Made over a 5-year period, Noel Bowler’s Union reveals the boardrooms and private offices of trade union buildings across the globe. The exhibition offers a rare glimpse into places where decisions and policies that affect so many are made.
Bowler’s photographs show how the institutions of organised labour, designed to protect workers from exploitation in the nineteenth century, are responding to today’s economic uncertainty.
Incorporating images from Russia, the USA, Poland and the UK, Union offers unprecedented access to rarely seen spaces, combining photographs of momentarily silent interiors of trade union offices alongside portraits of union leaders.
Bowler invites us to walk the well-trodden carpets and parquet floors, and to gaze at the utilitarian desks beneath strip lights and false ceilings.
Each space offers clues to its inhabitants; flags, emblems and political posters allow the viewer’s imagination to populate each dormant scene. There is a dry humour to Bowler’s work: the sparse setting of the Union of Polish Teachers in Warsaw is fittingly dominated by a large blackboard, whilst a cluttered desk at the Maritime Trades Department at the AFL-CIO in Washington DC demonstrates its inhabitant’s political leanings and sporting preferences. The ordinariness of many of these workspaces is undercut by the knowledge that these are sites where important contemporary battles around workers’ rights are taking place.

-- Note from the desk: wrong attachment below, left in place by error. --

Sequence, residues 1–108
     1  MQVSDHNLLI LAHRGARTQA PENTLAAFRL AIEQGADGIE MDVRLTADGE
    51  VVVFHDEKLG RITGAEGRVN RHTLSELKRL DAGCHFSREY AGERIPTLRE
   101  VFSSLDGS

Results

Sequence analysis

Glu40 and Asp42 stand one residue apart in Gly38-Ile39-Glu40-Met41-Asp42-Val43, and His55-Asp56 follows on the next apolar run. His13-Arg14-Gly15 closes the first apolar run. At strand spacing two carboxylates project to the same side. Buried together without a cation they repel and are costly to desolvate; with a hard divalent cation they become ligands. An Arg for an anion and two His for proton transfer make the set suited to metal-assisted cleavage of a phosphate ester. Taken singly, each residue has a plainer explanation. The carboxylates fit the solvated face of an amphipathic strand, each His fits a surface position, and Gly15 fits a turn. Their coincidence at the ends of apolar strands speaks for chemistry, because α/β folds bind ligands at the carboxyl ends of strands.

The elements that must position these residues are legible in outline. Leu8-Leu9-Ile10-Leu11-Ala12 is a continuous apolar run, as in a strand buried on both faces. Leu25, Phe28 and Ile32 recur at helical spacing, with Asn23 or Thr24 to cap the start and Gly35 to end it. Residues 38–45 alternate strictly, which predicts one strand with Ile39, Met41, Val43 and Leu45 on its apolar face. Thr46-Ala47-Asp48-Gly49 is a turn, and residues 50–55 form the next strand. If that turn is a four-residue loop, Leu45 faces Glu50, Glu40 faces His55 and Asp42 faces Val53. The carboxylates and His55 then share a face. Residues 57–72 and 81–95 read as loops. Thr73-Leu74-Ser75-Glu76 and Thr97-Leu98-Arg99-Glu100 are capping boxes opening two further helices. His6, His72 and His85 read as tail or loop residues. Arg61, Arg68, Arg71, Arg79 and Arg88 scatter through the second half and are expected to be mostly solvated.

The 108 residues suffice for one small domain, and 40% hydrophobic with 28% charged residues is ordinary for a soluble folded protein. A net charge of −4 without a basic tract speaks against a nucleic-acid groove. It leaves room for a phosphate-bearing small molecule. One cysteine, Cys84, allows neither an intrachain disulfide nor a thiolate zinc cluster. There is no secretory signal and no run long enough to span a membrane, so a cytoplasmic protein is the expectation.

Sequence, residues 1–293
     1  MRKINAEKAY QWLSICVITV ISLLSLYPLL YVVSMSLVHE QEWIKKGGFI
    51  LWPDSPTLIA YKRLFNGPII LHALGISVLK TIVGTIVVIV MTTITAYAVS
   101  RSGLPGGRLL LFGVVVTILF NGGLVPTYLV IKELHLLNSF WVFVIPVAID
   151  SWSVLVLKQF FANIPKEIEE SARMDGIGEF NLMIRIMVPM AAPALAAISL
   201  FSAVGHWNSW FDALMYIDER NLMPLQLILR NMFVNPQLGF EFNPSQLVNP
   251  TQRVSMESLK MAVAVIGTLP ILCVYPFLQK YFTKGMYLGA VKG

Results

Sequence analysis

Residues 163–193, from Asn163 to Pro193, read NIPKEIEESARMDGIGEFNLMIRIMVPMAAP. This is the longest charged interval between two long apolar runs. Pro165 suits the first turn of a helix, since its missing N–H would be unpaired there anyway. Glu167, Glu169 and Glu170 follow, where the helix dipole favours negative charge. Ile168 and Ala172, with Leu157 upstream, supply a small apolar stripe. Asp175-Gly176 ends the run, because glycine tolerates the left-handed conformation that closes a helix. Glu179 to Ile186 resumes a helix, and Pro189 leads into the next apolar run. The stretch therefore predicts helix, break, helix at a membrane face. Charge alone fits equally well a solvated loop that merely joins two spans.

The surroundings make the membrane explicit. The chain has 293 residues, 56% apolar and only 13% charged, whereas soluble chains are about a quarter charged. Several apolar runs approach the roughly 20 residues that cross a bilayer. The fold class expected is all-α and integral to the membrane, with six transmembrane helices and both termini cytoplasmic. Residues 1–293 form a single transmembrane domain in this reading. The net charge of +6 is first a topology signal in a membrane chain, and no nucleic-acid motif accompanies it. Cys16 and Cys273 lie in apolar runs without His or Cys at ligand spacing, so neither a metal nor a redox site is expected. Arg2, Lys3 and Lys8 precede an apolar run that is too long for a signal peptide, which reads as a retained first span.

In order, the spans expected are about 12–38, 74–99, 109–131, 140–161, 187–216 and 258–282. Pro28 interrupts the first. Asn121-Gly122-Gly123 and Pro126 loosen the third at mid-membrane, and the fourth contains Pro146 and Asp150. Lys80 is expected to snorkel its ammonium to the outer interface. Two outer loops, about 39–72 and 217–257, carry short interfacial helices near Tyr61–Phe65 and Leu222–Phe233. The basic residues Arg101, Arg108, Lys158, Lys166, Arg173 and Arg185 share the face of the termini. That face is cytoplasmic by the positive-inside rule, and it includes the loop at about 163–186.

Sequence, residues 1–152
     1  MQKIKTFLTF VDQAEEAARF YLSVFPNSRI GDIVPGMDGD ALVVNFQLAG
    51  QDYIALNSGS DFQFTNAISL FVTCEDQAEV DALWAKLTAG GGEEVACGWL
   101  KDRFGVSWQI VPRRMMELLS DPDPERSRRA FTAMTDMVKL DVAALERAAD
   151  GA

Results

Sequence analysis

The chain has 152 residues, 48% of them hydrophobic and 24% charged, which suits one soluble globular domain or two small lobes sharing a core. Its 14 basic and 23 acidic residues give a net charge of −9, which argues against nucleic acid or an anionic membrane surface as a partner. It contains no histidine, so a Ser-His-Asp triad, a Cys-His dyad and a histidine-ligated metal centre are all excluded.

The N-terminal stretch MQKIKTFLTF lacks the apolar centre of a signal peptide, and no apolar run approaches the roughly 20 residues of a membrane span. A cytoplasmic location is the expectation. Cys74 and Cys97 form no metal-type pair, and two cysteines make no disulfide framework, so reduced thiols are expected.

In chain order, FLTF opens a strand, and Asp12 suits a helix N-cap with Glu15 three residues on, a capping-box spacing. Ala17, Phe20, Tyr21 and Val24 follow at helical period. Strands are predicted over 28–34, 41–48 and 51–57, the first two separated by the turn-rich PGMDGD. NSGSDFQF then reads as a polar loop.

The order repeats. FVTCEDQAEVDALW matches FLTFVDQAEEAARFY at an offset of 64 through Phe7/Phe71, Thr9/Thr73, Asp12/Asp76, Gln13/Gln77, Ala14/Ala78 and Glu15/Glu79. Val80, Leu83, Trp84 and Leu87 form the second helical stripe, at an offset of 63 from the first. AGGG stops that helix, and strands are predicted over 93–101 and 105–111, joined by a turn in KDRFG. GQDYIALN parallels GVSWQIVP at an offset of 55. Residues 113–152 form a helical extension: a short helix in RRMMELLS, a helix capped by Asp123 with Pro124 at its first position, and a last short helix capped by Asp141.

Bowler offers a unique insight into the pressures and challenges facing unions in this era of political and economic uncertainty, radical changes in traditional work practices and increased worker insecurity. This timely exhibition continues Bowler’s ongoing consideration of the political forces that shape our world, reflected through the organisation of social space.
The exhibition is accompanied by a 128-page book made across 14 countries, published by Kehrer Verlag and features an essay by photographer Ken Grant.
Union by Noel Bowler is supported using public funding by Arts Council England and Culture Ireland.